Heidelberg Motor Museum – Putting up the old artefacts

I used to run the site way, way back. I’ve put some sub pages up for you to reminisce about what used to be. Leave  comments if you know what the vehicles are called. I have long forgotten.


People have blogged about it here and here


This is the official story:

26 November 2003
British American Tobacco South Africa has announced its decision to close the Heidelberg Motor Museum on 31 December 2003. However, the collection will be kept intact and maintained for a further period of three months to allow the Lesedi (Heidelberg) Local Municipality and other stakeholders to source an alternative sponsor.
According to communications manager, Fay Kajee, the decision is regrettable but was taken to comply with the company’s International Marketing Standards and its Corporate Social Investment (CSI) strategy. “Due to the nature of our product, our policy is not to engage in any initiatives that directly involve children under the age of 18. Since the majority of visitors to the Museum are school children, we feel we cannot justify our continued involvement.”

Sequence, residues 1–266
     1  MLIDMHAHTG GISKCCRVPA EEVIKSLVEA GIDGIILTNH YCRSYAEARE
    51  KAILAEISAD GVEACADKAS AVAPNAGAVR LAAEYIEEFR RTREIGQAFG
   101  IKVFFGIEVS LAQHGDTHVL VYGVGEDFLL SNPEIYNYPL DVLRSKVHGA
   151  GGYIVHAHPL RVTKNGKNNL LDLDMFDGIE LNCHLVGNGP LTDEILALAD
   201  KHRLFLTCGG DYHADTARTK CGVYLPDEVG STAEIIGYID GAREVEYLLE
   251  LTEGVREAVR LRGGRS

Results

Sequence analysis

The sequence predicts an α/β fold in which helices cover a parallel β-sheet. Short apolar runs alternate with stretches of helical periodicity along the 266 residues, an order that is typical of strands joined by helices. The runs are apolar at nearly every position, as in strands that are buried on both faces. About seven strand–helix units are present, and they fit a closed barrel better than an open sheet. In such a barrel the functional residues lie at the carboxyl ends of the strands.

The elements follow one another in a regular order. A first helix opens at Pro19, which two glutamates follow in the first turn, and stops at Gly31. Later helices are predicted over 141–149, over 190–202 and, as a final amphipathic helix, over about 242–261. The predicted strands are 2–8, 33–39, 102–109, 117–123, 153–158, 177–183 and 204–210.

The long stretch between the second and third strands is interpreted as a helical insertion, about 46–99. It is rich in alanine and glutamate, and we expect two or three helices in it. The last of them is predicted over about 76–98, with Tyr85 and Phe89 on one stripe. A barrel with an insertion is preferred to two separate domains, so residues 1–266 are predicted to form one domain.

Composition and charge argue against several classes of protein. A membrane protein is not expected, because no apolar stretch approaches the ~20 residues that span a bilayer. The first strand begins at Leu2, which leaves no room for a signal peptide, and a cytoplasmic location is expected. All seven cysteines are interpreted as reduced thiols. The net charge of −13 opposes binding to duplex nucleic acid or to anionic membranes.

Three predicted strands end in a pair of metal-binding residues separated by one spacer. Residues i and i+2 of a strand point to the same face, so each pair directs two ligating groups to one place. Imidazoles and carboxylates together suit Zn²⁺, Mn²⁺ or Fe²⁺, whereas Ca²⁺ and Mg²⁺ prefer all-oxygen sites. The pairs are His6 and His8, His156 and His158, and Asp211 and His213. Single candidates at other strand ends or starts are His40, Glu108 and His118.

Housed in the old Heidelberg railway station, the collection comprises mainly classic, vintage, sports and racing cars, as well as bicycles and motorcycles. The collection is valued at more than R7 million and British American Tobacco South Africa annually pumps an additional R2 million into the operational costs.
“The intention is to redeploy the funds to other projects that will more directly benefit poverty alleviation and community development in the area.” said Kajee.
The decision to terminate its interest in the Museum was taken after consultation with the staff and other stakeholders and British American Tobacco South Africa is hoping that an alternative sponsor can be found so that the collection can be kept intact and in Heidelberg.
The Heidelberg Motor Museum was started in 1975 by Dr Anton Rupert shortly after the Rembrandt Group built a cigarette factory in Heidelberg. British American Tobacco South Africa acquired the Museum in 1999 as a result of the merger with Rothmans International, partly owned by Rembrandt. There are no plans to dispose of the assets at present.

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